Renal sarcoidosis: approach to diagnosis and management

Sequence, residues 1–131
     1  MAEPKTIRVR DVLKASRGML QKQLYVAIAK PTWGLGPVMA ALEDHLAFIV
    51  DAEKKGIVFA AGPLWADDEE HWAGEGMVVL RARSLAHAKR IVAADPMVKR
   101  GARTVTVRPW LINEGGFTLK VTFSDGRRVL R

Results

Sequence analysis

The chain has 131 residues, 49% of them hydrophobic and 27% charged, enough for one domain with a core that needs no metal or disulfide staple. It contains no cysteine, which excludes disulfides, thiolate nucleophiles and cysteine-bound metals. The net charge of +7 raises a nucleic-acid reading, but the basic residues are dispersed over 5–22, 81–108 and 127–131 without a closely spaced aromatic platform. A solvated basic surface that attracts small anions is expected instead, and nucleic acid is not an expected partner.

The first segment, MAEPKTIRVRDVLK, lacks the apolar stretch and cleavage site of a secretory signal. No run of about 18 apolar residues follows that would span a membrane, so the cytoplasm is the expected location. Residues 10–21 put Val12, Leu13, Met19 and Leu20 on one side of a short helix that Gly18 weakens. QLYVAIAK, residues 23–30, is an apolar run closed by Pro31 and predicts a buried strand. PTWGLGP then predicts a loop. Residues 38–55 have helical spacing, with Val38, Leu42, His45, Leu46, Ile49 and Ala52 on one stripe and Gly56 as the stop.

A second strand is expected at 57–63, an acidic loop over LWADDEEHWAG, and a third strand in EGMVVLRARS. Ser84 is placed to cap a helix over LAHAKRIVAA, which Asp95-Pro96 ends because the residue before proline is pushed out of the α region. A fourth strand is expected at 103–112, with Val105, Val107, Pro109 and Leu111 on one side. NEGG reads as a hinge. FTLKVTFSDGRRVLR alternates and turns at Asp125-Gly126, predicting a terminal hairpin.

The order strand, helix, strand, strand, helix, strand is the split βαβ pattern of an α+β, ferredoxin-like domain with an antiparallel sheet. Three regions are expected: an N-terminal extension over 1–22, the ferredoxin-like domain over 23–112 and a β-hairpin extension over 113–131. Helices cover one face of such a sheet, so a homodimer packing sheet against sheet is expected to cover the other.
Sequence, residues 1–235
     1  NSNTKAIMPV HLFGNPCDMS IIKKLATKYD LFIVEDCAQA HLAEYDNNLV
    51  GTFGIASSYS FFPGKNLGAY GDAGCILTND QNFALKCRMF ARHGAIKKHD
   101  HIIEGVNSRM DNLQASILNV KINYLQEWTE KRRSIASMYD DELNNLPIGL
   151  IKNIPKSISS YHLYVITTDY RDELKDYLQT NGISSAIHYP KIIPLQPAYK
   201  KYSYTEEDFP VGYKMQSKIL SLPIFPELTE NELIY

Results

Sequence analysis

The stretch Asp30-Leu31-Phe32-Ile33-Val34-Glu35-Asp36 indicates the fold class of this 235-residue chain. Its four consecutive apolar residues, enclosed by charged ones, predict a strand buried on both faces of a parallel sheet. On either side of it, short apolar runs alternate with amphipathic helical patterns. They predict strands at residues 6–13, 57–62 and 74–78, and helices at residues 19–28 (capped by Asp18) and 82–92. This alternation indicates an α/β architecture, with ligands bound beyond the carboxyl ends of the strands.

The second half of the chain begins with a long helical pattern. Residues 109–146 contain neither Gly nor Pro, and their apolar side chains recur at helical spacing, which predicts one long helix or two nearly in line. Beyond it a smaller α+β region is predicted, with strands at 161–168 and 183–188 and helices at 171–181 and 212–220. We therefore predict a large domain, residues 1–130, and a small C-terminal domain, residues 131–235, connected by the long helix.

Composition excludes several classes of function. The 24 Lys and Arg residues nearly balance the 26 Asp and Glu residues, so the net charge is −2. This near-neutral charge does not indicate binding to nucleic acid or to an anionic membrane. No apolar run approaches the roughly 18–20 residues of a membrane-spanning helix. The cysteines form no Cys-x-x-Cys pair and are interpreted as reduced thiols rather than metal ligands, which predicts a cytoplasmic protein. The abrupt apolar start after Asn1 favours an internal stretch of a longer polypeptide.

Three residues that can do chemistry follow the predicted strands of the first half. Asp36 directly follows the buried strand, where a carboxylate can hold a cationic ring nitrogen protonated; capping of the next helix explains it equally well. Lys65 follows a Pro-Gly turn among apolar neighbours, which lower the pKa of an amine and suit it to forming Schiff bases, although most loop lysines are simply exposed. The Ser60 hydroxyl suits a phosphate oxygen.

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Purpose of reviewThe purpose of this article is to provide understanding of renal sarcoidosis, the different types of renal sarcoidosis, disease burden of renal involvement, and treatment options.Recent findingsThe frequency of renal involvement seems to be underestimated, but renal sarcoidosis represents a relevant group of organ manifestations and significantly adds to the patient's morbidity. Because histopathological analysis of renal biopsy specimens can reveal various entities, a diagnostic workup is necessary in every patient with sarcoidosis.SummaryIf systematically screened for renal manifestations are likely to occur in up to 25–30% of all sarcoidosis patients. The most common histological form of renal sarcoidosis is the granulomatous interstitial nephritis; however, granulomas can be absent. Furthermore, one can find various forms of secondary glomerulonephritis. In cases with dysregulated calcium homeostasis, nephrocalcinosis and nephrolithiasis are commonly detectable kidney diseases. AA amyloidosis or renal masses because of granuloma formation are considered to be rare manifestations. In addition to glucocorticoids various immunosuppressive treatments such as tumor necrosis factor alpha inhibitors have proven to be effective based on case series.

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